the distances by road are very short compared to how far you
go on the meandering river. It is also near the Elroy-Sparta
bike trail, which goes through some interesting old rail tunnels.
Trip Time Revisited
We put in at 11:00 am and took out at 7:30 pm, making our total
travel time 8.5 hours. I figure stops for wading, resting and
making sandwiches amounted to around 1.25 hours, leaving 7.25
hours moving time. The distance by river from Bridge 4 to Bridge
10 is 8.1 miles, so we made an average speed of 1.1 mph. This
is pretty slow, but remember that this also includes winding
around shallow parts (more than 8.1 miles), dragging the boat
through riffles, jumping the boat over sunken branches, and
a lot of coasting along slowly to look at scenery.
I think the punt probably could make 2 mph over such a trip
if it wasn’t too hot and someone really wanted to move
fast. But you’d be better off in a canoe and better still
in a kayak if you want speed. Canoes passed us handily and kayaks
fairly flew by. The outfitters estimate the run to take 4.25
hours in a canoe, which is nearly twice as fast as the punt.
But Polepunt lets you do this trip carrying more people and
provisions, and if you travel as light as a canoe must, you
can get out and drag it a lot less often. And of course it is
a lot easier to move upstream when you can stand and pole with
little fear of capsize. And of course Polepunt is built to take
the bottom-dragging beating this river deals out.
Now that we have the details out of the way, on to the star
of the show.
The Kickapoo River
We put in at 11:00 am. Here’s the view upstream from
There was a bottom-scraping riffle right after the bridge,
and we had to pole backward to get to the deeper channel.
With some rain we’d have shot right through. The outfitter
said people had been making very good time because of a recent
rain, but the increase in flow level is very transient on this
river. Check out the
data. When there’s a rain, you get a quick
spike and then it’s gone. On the other hand, the river
never really dries up because it is largely spring fed. But
beware if it’s a big rain. Since the Kickapoo is largely
confined in a small canyon, it can only go up. Here are some
dead grasses washed into tree branches at standing head height.
One should not assume this little river is always little.
After a short straightaway…
…and a couple more small riffles, we are back into cliffs.
We even got some of the scenery in miniature.
Not far downstream we saw a lovely example of a bittern.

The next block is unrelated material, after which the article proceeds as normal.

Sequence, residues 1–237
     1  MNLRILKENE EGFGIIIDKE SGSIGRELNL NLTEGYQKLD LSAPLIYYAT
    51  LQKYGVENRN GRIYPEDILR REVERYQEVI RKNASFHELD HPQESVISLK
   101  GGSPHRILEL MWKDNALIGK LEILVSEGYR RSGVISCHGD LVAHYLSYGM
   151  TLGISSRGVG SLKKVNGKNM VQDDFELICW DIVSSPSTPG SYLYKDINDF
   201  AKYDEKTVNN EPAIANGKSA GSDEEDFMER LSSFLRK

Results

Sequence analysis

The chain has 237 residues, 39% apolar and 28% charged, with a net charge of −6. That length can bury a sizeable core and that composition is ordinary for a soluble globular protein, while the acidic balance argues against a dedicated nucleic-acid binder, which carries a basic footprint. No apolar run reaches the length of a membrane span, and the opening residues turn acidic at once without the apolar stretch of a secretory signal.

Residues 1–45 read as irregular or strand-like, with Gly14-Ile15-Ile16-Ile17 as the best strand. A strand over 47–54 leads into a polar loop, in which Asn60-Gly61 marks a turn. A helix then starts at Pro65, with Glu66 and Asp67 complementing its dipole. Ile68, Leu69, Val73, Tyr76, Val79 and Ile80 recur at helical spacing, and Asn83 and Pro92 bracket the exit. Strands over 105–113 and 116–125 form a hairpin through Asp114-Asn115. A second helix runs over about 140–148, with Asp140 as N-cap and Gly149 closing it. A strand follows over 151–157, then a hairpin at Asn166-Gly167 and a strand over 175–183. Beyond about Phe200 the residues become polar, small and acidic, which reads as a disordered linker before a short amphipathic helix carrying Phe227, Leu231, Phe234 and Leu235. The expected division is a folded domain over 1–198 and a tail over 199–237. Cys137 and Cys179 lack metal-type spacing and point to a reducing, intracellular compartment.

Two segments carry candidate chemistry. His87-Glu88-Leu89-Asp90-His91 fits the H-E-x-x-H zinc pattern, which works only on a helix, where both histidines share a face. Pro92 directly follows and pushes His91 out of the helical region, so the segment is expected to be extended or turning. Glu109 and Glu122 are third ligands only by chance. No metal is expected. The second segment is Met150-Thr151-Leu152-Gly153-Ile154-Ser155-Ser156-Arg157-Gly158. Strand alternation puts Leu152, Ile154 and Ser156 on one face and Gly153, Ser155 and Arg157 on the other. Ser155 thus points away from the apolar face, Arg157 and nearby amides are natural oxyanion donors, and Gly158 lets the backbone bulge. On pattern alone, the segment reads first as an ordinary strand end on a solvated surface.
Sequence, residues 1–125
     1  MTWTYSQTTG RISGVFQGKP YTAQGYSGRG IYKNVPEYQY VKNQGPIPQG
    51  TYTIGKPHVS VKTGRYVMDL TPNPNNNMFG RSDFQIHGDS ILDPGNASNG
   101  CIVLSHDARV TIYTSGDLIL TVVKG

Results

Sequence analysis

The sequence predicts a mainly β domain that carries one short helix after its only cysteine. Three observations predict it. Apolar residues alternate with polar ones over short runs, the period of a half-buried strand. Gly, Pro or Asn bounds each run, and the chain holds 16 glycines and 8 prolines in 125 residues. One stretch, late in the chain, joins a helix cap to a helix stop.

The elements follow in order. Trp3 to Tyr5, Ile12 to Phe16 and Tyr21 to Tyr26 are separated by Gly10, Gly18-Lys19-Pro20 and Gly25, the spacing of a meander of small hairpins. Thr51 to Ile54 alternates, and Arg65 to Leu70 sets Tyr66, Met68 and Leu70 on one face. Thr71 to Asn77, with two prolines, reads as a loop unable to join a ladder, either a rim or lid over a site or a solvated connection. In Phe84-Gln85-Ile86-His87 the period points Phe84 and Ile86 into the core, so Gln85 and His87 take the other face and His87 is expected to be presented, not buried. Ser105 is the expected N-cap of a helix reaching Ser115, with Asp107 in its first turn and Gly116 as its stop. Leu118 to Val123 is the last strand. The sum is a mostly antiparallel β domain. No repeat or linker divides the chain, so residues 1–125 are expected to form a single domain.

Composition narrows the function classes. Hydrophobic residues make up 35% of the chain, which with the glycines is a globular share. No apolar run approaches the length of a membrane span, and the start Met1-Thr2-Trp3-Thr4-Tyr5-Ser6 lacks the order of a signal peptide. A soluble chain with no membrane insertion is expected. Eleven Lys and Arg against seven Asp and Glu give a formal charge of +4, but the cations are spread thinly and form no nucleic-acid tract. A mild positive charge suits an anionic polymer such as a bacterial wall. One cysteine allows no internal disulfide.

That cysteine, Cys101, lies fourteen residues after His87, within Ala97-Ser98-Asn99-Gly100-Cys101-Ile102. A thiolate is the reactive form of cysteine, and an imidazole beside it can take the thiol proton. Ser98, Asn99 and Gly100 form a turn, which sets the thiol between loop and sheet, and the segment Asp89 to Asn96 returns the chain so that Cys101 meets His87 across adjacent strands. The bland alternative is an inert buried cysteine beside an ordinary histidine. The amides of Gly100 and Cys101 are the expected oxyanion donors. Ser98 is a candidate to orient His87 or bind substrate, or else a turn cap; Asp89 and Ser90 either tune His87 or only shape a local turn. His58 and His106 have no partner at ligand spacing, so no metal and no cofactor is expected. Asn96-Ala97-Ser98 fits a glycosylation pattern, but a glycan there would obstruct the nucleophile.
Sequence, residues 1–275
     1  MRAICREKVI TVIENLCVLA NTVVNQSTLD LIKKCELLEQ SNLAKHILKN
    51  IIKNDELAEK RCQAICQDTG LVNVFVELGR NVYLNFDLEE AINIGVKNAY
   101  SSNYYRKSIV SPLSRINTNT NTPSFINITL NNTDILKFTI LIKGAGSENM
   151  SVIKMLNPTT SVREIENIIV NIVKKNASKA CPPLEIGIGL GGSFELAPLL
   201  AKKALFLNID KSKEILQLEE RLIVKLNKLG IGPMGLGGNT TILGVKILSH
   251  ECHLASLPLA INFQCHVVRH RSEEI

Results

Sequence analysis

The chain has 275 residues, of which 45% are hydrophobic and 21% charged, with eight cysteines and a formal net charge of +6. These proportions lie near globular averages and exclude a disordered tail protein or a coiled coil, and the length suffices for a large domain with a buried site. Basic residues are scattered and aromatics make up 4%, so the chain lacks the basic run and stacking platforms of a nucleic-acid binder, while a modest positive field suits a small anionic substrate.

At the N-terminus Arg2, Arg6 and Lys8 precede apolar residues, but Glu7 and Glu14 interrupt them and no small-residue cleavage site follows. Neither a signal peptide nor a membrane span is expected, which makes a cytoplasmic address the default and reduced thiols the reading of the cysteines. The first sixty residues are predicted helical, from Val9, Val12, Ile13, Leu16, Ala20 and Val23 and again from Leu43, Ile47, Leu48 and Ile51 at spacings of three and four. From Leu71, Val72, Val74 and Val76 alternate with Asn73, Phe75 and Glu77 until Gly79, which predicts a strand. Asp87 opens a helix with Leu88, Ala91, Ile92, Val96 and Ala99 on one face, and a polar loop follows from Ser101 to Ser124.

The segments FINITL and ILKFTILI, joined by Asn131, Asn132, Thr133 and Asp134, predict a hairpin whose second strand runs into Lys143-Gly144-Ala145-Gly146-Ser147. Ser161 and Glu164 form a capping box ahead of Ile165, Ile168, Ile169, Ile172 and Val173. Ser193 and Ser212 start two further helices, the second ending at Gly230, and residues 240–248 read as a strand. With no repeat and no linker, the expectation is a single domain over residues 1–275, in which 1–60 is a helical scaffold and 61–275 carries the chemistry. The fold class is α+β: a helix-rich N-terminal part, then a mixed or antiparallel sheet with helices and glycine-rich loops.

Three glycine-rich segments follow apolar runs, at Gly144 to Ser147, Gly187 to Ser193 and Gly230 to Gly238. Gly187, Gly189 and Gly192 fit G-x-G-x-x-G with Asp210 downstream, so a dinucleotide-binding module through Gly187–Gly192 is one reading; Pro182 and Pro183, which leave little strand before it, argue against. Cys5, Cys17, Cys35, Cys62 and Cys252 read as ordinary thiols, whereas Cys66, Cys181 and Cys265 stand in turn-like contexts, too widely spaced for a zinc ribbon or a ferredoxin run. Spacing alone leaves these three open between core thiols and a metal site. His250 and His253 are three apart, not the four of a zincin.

I had the opportunity for an even better photo, but it was
just as we were drifting under a rather active wasp nest. Silence
Shortly thereafter were some of the greenest plants I’d
ever seen. They were living in the shade, drinking directly
from seeps in the rock. Natural hydroponics, I guess.
You’ll notice that by this time the adults had shed their
lifejackets. We realized the river was almost entirely knee
deep or less, with only a few small holes. The kids kept theirs
on, given their affinity for dragging limbs in the water.
We saw the red canoes of the outfitters until the first bridge,
but we were completely alone.
The one exception was at bridge 7 where some locals were cooling
off, sitting in the shallow water in lawn chairs. I was too
busy chatting to get a photo, but here’s one from later
that evening of Colleen giving the kids some first fishing lessons
in the same spot. One hopes the setting makes a lasting impression.
We got several nice views of a heron, but he wasn’t too
interested in posing for a photograph. This is the best I could
Other wildlife I failed to get good photos of were sandpipers,
kingfishers, and a number of smallish dragonflies with metallic
green abdomens. Absolutely spectacular, but they are small and
don’t hold still very long. (And I’m no Chartier-Bresson.)
Hopefully the landscapes make up for it.
Sometimes we could see a row of three or four cliff outcrops
all at the same time.
Or a fallen slab of rock with plant life still clinging tenaciously.
And there was an expanse of shoreline where the rock sloped
down into the water, the opposite of the undercutting that is
more common here.
Along the way there were several shallow caves. Not really
caves, I guess – just places where the water had worn
away the rock unevenly.
Looking up at one cliff, we noticed some interesting holes.
Most are cut away in layers.
And some of the landscapes speak for themselves more eloquently
than I can comment on them.
Near the end, we took the obligatory half hour stop for wading
and cooling off.
In any ways a canoe is better adapted to this river. Polepunt
is a compromise in that it serves other functions But it worked
well enough to do the job reasonably well, suffering only in
speed. Stay tuned for further explorations of those other functions.
Madison, Wisconsin, USA